Discovering Wassonite

Co-researchers from the US, South Korea and Japan found a new mineral. Image: Shutterstock.

On December 1969, the Japanese Antarctic Research Expedition found several meteorites in the Yamato Mountains in Antarctica.

Forty years after later, meteorite Yamato 691 continues to be studied. The 4.5-billion-year-old meteorite, which might have been part of an asteroid located between Mars and Jupiter, contains “Wassonite”, a new mineral.

NASA space scientist Keiko Nakamura-Messenger announced yesterday the discovery of this mineral formed from only two elements, sulfur and titanium, and with a unique crystal structure that, as Nakamura suggested “has not been previously observed in nature.”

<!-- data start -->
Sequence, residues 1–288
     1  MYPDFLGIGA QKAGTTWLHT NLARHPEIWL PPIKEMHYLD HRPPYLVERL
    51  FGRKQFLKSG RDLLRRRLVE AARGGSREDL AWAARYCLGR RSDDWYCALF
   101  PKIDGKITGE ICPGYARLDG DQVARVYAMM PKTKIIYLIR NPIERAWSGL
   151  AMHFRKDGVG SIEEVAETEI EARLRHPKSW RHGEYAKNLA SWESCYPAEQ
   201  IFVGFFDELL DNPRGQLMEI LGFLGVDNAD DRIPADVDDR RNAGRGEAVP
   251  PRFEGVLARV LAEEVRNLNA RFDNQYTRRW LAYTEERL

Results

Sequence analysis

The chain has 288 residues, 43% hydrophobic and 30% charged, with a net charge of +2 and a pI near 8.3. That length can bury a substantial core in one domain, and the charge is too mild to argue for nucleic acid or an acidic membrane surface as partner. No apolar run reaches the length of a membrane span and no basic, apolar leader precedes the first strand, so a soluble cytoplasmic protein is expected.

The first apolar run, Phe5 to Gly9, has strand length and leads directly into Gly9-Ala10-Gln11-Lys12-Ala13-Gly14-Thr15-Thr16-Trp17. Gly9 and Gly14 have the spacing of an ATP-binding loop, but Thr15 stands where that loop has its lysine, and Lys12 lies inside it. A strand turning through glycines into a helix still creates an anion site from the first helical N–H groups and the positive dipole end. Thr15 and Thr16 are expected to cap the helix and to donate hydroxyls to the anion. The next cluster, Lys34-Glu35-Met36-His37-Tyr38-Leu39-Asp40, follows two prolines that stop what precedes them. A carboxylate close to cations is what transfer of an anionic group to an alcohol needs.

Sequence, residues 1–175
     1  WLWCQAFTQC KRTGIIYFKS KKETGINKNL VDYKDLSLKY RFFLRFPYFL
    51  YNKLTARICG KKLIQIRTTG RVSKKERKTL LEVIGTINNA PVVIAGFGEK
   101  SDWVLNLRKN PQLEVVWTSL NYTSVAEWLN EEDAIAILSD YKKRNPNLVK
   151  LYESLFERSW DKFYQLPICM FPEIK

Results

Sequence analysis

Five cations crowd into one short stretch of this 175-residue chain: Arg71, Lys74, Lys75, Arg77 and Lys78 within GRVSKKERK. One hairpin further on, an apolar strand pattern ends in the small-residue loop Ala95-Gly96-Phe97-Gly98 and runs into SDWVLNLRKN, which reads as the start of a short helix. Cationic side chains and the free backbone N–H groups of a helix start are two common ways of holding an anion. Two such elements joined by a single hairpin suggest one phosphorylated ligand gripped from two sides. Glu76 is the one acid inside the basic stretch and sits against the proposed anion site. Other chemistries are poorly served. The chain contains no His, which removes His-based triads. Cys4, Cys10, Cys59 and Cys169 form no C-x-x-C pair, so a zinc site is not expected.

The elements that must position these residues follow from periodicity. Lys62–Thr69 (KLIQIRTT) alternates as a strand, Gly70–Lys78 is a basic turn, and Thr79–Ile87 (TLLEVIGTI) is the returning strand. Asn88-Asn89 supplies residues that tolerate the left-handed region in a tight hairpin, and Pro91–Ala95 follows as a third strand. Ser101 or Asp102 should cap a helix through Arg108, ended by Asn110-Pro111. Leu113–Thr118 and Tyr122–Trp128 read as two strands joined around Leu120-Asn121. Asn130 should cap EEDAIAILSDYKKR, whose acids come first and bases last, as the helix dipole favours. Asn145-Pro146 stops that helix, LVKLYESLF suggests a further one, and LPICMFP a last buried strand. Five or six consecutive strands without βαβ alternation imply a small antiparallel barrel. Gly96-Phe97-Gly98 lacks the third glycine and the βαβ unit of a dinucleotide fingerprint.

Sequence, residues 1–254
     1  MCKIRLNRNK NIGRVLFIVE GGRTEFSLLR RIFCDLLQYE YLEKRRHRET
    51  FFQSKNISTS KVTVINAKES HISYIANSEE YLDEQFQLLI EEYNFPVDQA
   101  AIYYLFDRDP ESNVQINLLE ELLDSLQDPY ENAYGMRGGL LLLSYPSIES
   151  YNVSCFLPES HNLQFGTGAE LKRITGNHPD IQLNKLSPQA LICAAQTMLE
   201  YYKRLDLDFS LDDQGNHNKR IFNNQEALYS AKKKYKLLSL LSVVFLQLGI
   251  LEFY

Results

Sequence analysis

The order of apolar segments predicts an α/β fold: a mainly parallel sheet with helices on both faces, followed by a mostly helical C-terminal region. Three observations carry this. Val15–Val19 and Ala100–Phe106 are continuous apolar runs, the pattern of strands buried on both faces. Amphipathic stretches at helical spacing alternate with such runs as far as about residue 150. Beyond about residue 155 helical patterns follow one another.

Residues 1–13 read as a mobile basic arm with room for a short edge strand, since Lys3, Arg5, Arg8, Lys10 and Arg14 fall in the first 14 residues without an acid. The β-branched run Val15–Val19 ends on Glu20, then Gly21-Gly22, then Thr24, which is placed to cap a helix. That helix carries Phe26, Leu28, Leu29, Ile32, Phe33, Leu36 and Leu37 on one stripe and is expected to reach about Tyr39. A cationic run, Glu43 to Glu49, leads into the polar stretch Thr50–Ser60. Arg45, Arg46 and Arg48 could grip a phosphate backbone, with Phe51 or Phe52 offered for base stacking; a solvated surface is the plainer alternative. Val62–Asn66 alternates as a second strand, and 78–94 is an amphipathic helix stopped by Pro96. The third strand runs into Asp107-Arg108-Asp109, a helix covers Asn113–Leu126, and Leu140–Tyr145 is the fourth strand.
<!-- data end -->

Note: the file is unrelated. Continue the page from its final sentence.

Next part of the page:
The mineral, which received its name in honor of professor John T. Wasson, from the Department of Chemistry and Biochemistry at UCLA, has been added to the 4,500 list approved by the International Mineralogical Association.

According to Nakamura: “More secrets of the universe can be revealed from these specimens using 21st century nano-technology.”

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